3. Lab-Grown Meat
When presented with the opportunity to eat meat alternatives, many people still collectively cringe at the idea. Though I personally am not of the same mindset, it is a known fact that people take their meat very, very seriously.
And I do mean seriously.
In any case, it appears that a relatively new development in meat production is about to revolutionize the meat industry. Lab-grown meat, also known as in vitro meat, is made by stimulating growth in animal muscle cells with the application of protein. Because of this, the morally questionable and wasteful methods of raising and slaughtering livestock can be entirely cut out of the equation. Vegetarians and environmentalists rejoice!
In 2013, the very first lab-grown beef burger, made by team of Dutch scientists from Maastricht University, was presented and consumed in London. The burger received praise by food critics and the media alike, and served as an optimistic hope for the future of the meat industry. However, there was one rather serious issue. The patty itself cost roughly $350,000. Now I don’t know about you, but that seems slightly excessive.
However, there is light at the end of the tunnel after all! The founders of US-based Memphis Meats have promised that their lab-grown beef and pork will not contribute to many of the side effects of the traditional meat industry, namely “environmental degradation, a slew of health risks, and food products that contain antibiotics, fecal matter, pathogens, and other contaminants”. Memphis Meats predicts that the future of food will have a large gap that synthetic meat will fill, at an affordable price of consumers. Well, that sounds totally awesome.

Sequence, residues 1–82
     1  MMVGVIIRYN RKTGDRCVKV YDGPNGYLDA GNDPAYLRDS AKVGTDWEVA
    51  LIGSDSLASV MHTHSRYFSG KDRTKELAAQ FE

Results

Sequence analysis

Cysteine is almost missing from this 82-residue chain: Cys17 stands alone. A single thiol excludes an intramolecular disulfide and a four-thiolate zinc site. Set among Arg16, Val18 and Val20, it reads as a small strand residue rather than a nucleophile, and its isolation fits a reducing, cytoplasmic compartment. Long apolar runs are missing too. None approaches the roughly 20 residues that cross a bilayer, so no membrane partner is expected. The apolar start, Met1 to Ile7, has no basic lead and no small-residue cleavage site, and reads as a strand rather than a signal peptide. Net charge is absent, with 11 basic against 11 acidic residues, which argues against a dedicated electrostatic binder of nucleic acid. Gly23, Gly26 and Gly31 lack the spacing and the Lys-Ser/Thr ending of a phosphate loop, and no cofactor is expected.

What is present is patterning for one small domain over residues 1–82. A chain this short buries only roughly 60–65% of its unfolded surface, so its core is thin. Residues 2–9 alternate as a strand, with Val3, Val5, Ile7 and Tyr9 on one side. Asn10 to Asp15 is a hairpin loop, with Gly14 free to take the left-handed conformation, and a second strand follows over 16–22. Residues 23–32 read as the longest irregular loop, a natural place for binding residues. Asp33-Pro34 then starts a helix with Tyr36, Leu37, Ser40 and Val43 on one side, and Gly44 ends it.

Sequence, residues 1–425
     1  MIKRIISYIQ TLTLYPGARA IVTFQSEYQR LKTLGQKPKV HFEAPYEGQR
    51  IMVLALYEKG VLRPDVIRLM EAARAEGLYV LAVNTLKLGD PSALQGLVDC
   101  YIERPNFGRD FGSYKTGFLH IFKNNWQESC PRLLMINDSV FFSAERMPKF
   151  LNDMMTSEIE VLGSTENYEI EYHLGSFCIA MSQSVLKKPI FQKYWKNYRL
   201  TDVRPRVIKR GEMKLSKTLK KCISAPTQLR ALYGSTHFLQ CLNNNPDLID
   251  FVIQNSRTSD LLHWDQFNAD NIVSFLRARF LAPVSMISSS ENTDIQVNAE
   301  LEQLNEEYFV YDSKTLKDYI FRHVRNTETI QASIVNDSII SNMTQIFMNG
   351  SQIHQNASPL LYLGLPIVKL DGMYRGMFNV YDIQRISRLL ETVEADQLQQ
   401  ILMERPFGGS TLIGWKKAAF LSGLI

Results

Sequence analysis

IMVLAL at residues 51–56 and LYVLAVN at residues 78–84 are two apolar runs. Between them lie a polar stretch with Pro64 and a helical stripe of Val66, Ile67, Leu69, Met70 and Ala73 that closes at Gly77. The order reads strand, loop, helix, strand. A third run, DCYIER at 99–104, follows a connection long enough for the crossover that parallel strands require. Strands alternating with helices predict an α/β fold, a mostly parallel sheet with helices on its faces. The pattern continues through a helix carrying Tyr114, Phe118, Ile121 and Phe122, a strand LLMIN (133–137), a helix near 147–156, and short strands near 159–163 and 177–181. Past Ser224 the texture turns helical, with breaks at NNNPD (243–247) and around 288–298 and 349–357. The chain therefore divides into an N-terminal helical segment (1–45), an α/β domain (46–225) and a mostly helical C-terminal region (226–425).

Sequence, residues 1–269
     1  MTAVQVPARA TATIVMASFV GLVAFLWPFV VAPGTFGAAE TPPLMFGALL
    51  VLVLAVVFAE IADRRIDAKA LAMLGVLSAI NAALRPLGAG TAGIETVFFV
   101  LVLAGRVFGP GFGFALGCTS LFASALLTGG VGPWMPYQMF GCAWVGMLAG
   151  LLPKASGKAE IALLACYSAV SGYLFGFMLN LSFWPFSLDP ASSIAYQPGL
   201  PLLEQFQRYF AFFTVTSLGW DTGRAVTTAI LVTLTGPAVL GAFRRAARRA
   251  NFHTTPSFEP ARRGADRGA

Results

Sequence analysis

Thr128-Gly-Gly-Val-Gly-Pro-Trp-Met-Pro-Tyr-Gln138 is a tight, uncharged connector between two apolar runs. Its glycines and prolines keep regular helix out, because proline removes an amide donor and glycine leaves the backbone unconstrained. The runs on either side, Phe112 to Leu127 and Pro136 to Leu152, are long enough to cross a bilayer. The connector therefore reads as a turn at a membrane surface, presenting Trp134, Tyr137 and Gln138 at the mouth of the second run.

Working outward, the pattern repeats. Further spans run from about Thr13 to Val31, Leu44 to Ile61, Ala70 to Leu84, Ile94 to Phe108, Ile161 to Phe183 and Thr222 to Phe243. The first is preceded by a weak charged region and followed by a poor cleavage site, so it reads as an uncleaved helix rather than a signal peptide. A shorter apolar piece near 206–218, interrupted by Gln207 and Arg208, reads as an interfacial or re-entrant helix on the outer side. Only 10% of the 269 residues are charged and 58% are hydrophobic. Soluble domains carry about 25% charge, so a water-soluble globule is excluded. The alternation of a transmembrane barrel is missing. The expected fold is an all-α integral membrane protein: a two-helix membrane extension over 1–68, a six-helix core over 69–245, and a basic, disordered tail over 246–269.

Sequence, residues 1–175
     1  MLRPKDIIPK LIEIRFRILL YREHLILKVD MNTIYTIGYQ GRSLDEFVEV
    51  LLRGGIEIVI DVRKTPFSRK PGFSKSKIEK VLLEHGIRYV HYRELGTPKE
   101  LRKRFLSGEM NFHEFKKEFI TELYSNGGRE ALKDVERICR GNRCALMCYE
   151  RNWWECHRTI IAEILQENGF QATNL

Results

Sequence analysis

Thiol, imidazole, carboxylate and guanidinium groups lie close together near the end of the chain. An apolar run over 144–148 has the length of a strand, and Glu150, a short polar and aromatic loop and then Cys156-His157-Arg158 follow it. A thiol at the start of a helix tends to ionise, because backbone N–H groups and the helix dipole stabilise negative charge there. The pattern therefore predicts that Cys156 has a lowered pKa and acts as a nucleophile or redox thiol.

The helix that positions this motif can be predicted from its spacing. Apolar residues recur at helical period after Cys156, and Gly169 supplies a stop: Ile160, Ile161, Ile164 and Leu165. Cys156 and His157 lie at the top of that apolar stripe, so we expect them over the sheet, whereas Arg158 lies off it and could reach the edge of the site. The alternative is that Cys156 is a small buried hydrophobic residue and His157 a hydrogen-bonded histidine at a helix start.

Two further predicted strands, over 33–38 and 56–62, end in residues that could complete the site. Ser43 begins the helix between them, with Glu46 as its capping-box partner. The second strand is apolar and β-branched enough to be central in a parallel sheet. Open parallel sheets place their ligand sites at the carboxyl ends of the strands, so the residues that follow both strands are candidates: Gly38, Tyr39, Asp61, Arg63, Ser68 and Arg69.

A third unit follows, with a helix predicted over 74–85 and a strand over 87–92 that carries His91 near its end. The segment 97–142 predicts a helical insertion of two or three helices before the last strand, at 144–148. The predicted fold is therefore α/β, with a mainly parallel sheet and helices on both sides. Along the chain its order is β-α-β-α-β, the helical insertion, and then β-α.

4. Sonic Enhanced Food
This one’s a bit different because it is neither something you can eat nor a technology that will produce something edible. Instead, it affects your perception of eating.
No no, not like that.
So what is sonic enhanced food then? It’s quite simple, really: the tone and pitch of sound can alter the way we experience food. The idea behind this is much more psychological than it is scientific. That, however, does not discredit it nor categorise it as woo.
In fact, a recent study conducted by Charles Spence of Oxford University made a link between taste and sound. For example, the study was able to determine that differing tones can make food taste sweet, but also make it taste more bitter. Though not focusing on specific tones and instead focusing on sound for creating atmosphere, world-renowned British chef Heston Blumenthal offers his signature Sound of the Sea at his restaurant Fat Duck. Basically the dish is served with an iPod that plays, you guessed it, sounds of the sea while you eat. Blumenthal claims that the sound factor of Sound of the Sea not only enhances the overall experience but lets one taste and appreciate the ingredients more.
This could perhaps be considered the most “far-out” entry on the list, though if you think about it, perhaps it isn’t really. Humanity has always tried to elevate every experience we can have, from music, to film, to art, among other things. We have also always sought to elevate our experiences with food, albeit in mostly a tangible way. Given that, it is not at all surprising that sound enhanced food could very well become the new elevation we seek from our food experiences.
So What Have We Learned?
Food can be weird, food can be crazy, food can be completely and totally awesome. Regardless of how many ground-breaking developments we’ve experienced so far in the world of food, I guarantee you things are about to get crazier.
What do you think? What are the up and coming developments in the future of food that are going to take the world by storm? Let us know in the comments section below!